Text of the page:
Vietnam by Motorcycle by Matt Lief Anderson in Vietnam

I lived and worked in Ho Chi Minh City (Formerly Saigon) Vietnam for a year and a half. I quit my job to take a motorcycle trip from Ho Chi Minh in the South to Sapa in the North on the border of China. These are photos from my trip North over some of the craziest roads known to man.

Name:Matt Lief Anderson



Putting video stuff together, researching my next trip, and working on a book

Tell us about the place you live:

I spent 4 years living and traveling abroad, and Vietnam was one of the best places I visited or called home. Despite the fact that they were in war with America less than 50 years ago they’re an extremely kind and generous people. The traffic is the toughest thing to come to grips with in Saigon. Every time you cross the street you put your life in danger. I saw several awful accidents and two fatalities on the road and even had a coworker die in traffic earlier this year. It’s not uncommon for a 2 lane road to have 10 lanes of motorcycles fighting for position in traffic jams that you really have to see to believe. It also has a monsoon season that lasts for almost 6 months. You haven’t seen rain like this if you haven’t seen a Southeast Asian monsoon. And you can count on torrential downpours every day. Those giant raindrops are extremely painful when speeding down the road through flooded Vietnamese streets. During the monsoon season I was soaked to the bone almost every day. It’s just part of living there. And it’s not all rain and traffic. You can live on next to nothing, the people are amazing, the culture is incredible, the food is delicious, the landscape is breathtaking, and the nightlife is fantastic.

A perfect day?

I’d walk to a french restaurant in my neighborhood of Phu My Hung and grab brunch with my girlfriend and best friends who lived right down the street. Surprisingly Vietnam has the best French food in the world aside from France. After breakfast we would have a street coffee called Cafe Sỏi Đá. Vietnamese coffee is a lot different, it’s more of a desert containing a couple shots of espresso and a ton of condensed milk on ice. We lived about 50 feet from an amazing pool where we would go for a swim and have a couple of beers. Depending on how much we drank we would ride our scooters and motorcycles through the most hectic traffic in the world to District 1 and hit up T&R, the diviest foreign bar in the city. We would meet up with some other friends and finish the night with some street food and share a bucket of beer in lawn chairs outside at Phạm Ngũ Lão (one of the craziest streets in the world).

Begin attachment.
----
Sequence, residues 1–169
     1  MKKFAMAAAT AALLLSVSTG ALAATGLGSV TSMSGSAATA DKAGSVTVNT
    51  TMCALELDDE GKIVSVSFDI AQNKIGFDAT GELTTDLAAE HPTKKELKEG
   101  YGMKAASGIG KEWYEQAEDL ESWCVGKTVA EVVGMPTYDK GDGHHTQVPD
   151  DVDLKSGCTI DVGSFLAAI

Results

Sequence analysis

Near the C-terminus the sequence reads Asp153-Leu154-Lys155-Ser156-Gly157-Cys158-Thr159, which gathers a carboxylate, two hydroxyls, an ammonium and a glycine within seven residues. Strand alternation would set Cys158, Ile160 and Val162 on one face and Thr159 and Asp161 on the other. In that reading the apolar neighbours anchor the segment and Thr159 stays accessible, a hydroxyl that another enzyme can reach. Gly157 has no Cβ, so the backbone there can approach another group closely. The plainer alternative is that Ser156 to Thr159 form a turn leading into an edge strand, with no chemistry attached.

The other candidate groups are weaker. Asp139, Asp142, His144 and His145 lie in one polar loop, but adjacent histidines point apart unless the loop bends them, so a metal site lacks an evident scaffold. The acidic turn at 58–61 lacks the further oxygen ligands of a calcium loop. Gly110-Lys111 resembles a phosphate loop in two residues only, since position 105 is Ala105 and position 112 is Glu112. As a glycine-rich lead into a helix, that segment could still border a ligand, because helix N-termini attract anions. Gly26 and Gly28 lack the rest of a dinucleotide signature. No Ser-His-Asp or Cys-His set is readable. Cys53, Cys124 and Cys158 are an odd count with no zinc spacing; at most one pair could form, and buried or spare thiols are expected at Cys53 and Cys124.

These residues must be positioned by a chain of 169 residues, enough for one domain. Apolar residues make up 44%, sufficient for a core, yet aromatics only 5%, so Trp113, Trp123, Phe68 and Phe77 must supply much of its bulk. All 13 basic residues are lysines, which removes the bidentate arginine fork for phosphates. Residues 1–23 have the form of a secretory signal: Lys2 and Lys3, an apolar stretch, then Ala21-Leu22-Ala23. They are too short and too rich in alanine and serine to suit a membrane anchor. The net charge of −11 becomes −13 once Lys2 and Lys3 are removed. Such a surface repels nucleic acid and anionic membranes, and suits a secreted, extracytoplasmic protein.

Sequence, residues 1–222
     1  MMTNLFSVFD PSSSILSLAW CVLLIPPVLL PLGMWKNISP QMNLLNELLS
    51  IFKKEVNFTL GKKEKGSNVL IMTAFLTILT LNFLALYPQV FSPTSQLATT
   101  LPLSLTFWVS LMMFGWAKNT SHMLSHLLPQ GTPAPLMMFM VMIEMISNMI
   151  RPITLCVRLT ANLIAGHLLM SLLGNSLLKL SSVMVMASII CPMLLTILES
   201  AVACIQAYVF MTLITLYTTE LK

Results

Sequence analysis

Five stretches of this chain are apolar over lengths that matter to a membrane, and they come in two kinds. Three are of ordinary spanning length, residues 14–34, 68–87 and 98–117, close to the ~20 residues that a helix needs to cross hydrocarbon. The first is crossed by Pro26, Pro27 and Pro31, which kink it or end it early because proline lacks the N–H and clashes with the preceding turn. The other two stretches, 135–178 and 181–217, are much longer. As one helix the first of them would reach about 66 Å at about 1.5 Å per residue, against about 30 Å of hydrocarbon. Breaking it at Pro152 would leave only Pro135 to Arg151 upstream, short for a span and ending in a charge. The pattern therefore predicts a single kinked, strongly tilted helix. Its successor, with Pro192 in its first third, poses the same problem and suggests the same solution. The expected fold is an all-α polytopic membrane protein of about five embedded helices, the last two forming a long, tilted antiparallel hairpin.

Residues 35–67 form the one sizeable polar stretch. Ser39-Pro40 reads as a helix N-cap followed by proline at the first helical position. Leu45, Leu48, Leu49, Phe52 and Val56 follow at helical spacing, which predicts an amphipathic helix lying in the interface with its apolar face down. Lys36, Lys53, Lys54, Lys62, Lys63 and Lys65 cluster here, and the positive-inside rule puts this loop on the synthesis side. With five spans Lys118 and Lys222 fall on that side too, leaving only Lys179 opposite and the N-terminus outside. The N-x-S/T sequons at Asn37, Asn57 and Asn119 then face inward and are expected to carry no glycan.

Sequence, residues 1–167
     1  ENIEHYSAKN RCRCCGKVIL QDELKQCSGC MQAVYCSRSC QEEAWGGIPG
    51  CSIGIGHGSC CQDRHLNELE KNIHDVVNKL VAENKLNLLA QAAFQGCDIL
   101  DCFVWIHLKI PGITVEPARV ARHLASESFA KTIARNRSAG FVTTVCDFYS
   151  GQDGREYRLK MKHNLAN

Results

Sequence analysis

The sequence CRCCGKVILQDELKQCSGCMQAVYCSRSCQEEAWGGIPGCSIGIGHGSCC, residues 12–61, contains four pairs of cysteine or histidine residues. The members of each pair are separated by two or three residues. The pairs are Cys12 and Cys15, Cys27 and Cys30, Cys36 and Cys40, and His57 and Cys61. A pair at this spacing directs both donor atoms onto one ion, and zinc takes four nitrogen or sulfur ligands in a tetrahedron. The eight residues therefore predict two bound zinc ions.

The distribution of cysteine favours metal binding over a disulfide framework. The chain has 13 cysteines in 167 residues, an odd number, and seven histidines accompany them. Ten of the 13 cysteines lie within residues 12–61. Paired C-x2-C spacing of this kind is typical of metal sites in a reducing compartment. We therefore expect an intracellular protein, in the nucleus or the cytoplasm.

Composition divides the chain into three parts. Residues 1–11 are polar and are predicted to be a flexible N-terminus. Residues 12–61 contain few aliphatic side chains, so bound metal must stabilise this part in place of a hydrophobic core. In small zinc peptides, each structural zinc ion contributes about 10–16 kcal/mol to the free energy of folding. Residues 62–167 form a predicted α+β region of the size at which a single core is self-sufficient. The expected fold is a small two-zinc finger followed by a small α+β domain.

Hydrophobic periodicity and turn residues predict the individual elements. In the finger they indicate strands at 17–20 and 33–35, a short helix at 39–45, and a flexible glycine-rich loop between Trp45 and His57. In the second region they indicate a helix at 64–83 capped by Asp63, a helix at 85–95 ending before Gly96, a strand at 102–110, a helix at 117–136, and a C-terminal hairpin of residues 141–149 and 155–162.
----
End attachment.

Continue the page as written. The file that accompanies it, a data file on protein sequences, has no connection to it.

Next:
What is the best thing about your spot?

Complete freedom. Depending on the job, you usually make a typical salary that you would have in America, Canada, England, or Australia but your money goes so far. The cost of living is extremely low, so you can live like a king or queen and you can save an incredible amount. And it’s the perfect jumping off point to Southeast Asia. We took a ton of weekend trips to other parts of the country and to Cambodia which was only a few hours away. Cambodia and Laos both border Vietnam and can easily be reached by bus. And The Philippines and Thailand are a cheap flight away. We traveled every chance we got and never worried about the cost. In the end I still had enough to go from South to North on a motorcycle, visit Laos and Thailand for a few months, take a month long road trip in America and buy a flight to England.